Folic Acid Supplements During Pregnancy

According to reports by the CDC (Centers for Disease Control and Prevention), less than half of women who childbearing age are taking folic acid supplements.

What is folic acid?

Folic acid or folate occurs naturally in food. They are forms of Vitamin B9. Folic acid is important in the production and maintenance of new cells. This role is particularly crucial during periods or rapid cell division and growth. This is why folic acid or folate is important during pregnancy and infancy.

Folic Acid and Pregnancy

A woman of childbearing age should make sure she is getting adequate folic acid supplements right before and right after (periconceptional period) she becomes pregnant. Adequate folic acid helps reduce the risks of congenital malformations including neural tube defects. Neural tube defects result in:

  • Spina bifida – incompletely of malformed spinal cord. This condition allows the abnormal portion of the spinal cord to stick out through the opening in the bones.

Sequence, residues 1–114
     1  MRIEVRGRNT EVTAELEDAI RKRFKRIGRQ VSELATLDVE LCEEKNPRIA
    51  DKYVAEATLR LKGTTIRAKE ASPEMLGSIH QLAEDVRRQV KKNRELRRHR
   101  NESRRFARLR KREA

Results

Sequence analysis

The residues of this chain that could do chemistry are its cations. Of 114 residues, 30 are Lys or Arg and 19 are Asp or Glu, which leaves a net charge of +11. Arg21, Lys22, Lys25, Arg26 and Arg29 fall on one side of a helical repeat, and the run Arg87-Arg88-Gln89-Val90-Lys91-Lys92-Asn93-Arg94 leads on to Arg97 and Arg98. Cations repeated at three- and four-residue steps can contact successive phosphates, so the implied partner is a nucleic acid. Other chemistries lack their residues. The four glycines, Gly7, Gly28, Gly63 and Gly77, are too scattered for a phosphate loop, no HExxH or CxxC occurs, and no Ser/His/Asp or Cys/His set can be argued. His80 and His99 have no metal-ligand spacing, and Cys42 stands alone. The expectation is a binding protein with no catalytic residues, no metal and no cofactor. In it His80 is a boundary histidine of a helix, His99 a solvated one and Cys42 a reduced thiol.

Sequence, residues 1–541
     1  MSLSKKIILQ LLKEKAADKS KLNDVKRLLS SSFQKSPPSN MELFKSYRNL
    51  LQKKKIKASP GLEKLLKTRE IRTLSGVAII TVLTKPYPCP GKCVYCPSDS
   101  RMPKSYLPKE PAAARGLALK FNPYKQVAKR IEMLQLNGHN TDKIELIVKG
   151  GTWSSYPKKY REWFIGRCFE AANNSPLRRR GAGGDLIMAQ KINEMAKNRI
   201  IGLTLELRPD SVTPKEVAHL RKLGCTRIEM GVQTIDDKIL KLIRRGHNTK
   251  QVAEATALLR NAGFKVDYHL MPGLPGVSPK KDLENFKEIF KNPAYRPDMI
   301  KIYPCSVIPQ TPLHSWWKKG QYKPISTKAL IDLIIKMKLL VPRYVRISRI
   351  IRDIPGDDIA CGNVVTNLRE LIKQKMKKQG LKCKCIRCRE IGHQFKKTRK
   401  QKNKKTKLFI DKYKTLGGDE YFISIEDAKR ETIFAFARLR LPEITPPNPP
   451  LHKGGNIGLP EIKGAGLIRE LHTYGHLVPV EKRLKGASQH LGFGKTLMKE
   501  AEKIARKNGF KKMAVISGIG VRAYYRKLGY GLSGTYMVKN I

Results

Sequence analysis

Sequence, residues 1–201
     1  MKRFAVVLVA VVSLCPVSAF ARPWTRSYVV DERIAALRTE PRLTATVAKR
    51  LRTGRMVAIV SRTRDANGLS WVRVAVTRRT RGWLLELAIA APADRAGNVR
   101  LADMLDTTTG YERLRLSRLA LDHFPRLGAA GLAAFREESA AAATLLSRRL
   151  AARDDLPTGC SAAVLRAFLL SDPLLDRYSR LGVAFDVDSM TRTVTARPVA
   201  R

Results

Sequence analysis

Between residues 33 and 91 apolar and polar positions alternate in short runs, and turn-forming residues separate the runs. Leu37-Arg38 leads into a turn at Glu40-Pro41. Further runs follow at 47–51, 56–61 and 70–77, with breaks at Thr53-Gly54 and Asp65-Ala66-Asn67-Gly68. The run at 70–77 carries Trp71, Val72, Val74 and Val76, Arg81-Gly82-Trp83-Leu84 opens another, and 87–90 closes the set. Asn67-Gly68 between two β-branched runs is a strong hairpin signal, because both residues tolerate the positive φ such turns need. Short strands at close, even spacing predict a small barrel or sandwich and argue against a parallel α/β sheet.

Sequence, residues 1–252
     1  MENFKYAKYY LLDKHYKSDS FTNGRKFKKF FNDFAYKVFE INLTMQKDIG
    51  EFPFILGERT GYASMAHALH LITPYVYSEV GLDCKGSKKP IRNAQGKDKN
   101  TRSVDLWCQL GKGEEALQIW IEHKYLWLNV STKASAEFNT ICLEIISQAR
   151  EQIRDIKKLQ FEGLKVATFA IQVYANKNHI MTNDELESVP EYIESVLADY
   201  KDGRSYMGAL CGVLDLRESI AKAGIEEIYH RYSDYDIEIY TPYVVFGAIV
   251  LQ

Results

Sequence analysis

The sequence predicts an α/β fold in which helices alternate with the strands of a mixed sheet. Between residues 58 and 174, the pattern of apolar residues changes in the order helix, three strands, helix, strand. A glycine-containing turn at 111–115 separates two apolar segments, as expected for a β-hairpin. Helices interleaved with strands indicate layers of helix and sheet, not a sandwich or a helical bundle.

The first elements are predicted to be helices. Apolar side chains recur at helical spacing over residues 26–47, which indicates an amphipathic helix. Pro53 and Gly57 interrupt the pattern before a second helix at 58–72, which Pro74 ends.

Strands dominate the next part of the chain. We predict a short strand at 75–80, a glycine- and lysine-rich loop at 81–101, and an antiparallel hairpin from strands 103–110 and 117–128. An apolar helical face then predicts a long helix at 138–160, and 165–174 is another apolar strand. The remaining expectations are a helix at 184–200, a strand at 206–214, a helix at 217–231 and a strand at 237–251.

• malformation of the skull
  • Anencephaly – occurs when the head end of the neural tube fails to close resulting in the absence of a major portion of the brain, skull, and scalp. Children with this disorder are born without a forebrain. Plus, remaining brain tissue is often exposed.

Taking folic acid supplements coupled with a healthy diet of folate-rich foods before and during the first month after conception greatly reduce the risks of neural tube defects as well as other serious birth defects. Women who are planning on getting pregnant should take 400 micrograms of synthetic folic acid daily from fortified foods and/or supplements.

For women who are already pregnant, the Recommended Dietary Allowance (RDA) is 600-800 micrograms. Recent research has also shown that it is also very important for men who are planning to father a child, reducing birth defect risks.


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